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Even the Dogs opens with the image of a man’s body being carried out of a broken-down house in the quiet days between Christmas and the New Year- but who’s the semi-homeless man, Robert, and who’s telling his story?
<p>The central character in this novel is a highly intelligent and resourceful woman who struggles repeatedly to come to terms with loss and the randomness of life.
When I was about twelve years old, me and the other gay kid in my class used to hide in the library. This was partly because he got beaten up a lot and partly so we could photocopy pictures of the movie idols we unfashionably adored at a time when everyone else was into Take That.
Ever wonder why that kid in your class is such a trouble maker? Maybe not. Maybe we all should wonder why he/she chooses to act the he/she does.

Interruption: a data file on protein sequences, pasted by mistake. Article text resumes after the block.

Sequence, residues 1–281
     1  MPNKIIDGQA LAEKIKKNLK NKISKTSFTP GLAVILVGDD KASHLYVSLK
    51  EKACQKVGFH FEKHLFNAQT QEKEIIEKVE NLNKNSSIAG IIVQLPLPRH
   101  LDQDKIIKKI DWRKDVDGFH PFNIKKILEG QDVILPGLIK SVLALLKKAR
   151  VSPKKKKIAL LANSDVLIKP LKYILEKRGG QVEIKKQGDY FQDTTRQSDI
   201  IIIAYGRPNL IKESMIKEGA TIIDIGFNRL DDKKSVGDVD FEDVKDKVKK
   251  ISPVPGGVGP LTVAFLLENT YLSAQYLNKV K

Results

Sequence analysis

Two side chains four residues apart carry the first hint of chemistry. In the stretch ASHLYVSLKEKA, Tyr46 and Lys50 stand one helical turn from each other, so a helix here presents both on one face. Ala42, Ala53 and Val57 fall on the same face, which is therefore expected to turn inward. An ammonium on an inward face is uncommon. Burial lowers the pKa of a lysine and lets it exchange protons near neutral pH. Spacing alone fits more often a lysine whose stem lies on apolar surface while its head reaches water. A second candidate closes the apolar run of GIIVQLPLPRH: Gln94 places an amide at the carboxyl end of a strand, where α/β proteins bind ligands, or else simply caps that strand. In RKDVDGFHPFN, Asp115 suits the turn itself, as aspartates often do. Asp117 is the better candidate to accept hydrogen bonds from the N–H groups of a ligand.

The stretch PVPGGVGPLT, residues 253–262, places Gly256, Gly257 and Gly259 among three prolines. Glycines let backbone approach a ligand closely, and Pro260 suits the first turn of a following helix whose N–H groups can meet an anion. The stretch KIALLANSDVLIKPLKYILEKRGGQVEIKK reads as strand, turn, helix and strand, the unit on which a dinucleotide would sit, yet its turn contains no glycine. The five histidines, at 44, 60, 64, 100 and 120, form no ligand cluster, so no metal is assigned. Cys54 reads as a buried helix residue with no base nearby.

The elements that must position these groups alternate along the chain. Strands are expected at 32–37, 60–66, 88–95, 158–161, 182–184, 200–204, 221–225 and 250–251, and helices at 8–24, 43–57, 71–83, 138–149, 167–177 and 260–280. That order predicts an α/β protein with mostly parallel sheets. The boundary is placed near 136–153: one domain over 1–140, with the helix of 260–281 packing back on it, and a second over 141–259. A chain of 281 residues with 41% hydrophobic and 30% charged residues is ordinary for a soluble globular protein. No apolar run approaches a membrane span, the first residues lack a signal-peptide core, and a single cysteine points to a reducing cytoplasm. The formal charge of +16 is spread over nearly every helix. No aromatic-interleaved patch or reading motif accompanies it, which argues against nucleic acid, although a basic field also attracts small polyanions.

Back in 1988, Salaam Bombay blew open my teenage mind and sent it into the volatile world of children living on the streets of Bombay.
Alexander Masters’ book is a backwards biography of a homeless addict, Stuart Shorter, who lived on the streets of Cambridge. Tellingly, the backwards element was Stuart’s idea.
‘Broken nose. Loose teeth. Cracked ribs. Broken finger. Black eyes.
Truth and Beauty is lifted above most memoirs by Ann Patchett’s unselfishness; she is writing a book that tells her own story, but frequently steps aside to offer the full spotlight to her friend, the magical, difficult Lucy Grealy, author of ‘Autobiography of a Face.’ Lucy Grealy, who died at th